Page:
Michael Nagula: Was gefiel Ihnen an seinen Büchern besonders? (Michael Nagula What do you like about his books particularly?)
     
    Giger: Zum Beispiel, wie die Leute wohnen. Daß sie in der Höhe wohnen, in der Luft, fast wie man im Regenwald auf den Wipfeln der Bäume wohnt. Und daß so verschiedene Schichten da sind. Es wird einfach auf die alten Städte draufgebaut: das stelle ich mir wie riesige Säulen vor, wie es auch bei „Blade Runner" von Ridley Scott war. Früher hat man immer gedacht, die Leute, die zweitausendirgendwann leben, wohnen ganz modern, aber dann sieht man meistens in den guten Filmen, daß alle Stile drin vorkommen . . . die verrücktesten Sachen, wie auch immer sie entstanden sind. Es ist ein totaler Mix. (For example, how the people live . The fact that they live in the high in the air , almost like you live in the rain forest on the tops of the trees. And so that different layers are there. It is simply it built on the old cities . I imagine such huge columns in front , as it was with "Blade Runner" by Ridley Scott. Earlier one has always thought the people, living 2000 some time , live very modern, but then you see mostly in the good films that happen all the styles in it ... the craziest things , whatever they are incurred . It is a total mix. )

    Michael Nagula Es waren also die Beschreibungen, die ... (Michael Nagula: So there were the descriptions ... )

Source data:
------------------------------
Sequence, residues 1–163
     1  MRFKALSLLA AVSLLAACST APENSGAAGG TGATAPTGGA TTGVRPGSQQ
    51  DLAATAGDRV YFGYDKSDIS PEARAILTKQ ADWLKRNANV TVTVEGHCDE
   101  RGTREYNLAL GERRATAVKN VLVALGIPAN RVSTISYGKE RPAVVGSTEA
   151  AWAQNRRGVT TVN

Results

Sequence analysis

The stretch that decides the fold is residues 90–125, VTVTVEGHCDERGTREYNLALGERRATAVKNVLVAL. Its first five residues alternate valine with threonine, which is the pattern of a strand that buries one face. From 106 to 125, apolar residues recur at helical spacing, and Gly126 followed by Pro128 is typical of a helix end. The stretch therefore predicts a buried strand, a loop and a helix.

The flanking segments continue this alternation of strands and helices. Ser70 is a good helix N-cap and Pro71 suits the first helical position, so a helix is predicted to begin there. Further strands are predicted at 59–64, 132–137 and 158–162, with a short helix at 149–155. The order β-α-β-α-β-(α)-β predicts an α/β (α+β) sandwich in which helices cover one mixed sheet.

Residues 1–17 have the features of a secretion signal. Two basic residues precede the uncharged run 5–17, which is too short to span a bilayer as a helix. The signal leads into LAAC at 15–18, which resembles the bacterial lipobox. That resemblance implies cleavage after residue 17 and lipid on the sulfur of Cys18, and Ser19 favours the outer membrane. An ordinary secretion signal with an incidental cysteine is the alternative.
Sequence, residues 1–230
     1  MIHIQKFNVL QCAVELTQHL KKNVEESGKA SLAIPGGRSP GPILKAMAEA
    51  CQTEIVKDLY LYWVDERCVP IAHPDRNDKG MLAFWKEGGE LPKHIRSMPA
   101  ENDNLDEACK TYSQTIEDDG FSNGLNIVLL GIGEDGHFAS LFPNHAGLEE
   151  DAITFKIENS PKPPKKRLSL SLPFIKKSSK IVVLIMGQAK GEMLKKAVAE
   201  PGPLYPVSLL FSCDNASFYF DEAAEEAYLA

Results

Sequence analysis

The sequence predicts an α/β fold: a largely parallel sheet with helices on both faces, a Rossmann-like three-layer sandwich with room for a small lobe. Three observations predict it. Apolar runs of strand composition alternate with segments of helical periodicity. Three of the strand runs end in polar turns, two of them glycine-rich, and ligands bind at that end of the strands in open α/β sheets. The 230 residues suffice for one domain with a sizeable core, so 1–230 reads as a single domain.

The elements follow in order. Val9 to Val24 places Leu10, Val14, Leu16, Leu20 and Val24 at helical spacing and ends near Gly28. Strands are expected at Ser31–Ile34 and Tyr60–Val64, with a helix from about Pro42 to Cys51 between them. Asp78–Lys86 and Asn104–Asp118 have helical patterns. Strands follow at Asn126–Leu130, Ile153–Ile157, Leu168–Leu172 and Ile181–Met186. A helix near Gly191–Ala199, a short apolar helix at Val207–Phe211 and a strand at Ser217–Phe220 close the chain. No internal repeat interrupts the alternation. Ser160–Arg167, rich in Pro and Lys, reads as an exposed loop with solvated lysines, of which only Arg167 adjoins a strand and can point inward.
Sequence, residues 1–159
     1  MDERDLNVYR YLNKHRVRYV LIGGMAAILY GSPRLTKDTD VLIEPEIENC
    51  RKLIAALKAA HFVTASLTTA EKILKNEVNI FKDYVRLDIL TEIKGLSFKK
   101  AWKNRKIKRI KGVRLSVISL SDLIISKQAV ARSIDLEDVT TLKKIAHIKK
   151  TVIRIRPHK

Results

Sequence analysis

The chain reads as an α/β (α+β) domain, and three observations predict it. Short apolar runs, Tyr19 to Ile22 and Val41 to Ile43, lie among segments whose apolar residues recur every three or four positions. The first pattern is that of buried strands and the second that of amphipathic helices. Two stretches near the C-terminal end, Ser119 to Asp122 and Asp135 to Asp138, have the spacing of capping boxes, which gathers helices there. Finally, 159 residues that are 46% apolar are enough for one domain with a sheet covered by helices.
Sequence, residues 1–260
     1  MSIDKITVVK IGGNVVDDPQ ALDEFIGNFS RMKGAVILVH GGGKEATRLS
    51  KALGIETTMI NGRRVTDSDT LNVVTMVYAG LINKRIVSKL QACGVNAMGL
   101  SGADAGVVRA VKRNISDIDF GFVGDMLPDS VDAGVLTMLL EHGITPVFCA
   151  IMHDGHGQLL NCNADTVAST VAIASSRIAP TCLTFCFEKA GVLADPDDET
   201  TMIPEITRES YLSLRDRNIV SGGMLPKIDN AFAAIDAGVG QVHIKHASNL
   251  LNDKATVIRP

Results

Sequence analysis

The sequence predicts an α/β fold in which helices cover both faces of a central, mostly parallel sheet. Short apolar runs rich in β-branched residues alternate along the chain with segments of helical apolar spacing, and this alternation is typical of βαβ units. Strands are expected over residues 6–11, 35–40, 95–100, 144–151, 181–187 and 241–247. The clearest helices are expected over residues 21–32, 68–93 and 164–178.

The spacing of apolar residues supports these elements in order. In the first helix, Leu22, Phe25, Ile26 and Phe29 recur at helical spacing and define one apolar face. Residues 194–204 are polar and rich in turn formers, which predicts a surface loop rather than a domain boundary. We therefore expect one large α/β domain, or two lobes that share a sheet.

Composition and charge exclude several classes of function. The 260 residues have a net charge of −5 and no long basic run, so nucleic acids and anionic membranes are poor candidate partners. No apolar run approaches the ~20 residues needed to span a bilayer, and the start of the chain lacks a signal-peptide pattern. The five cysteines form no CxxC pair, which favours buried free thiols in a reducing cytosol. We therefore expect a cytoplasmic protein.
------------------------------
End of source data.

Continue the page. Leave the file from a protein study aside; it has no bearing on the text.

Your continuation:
Giger: Es ist gar nicht sehr viel beschrie- ben. Da kann sich jeder, glaube ich, ein ziemlich eigenes Bild machen. Liberatore, der Zeichner von Rank Xerox, hat das für meinen Geschmack sehr schön umgesetzt. Natürlich auch abgefuckt, ziemlich Schrott und . . . eben das Neue Ding, ja aber dann wieder daneben. Was ich nie leiden konnte, waren diese sauberen Science Fiction-Dinger. Das war mir immer zu . . . unecht. Ich glaube, für mich lebt etwas, wenn es Spuren der Zeit trägt. (There is not much described. Since anyone can , I think , make make their own image. Liberatore , the cartoonist and creator of Rank Xerox  has implemented taste very nice for my health. Of course also fucked up , pretty much scrap and . . . say, the new thing , but yes then next again . What I could never suffer , these were clean Science fiction things . It was getting to me . . . spurious. I think for me lives a bit when it optimal carrying traces of time.)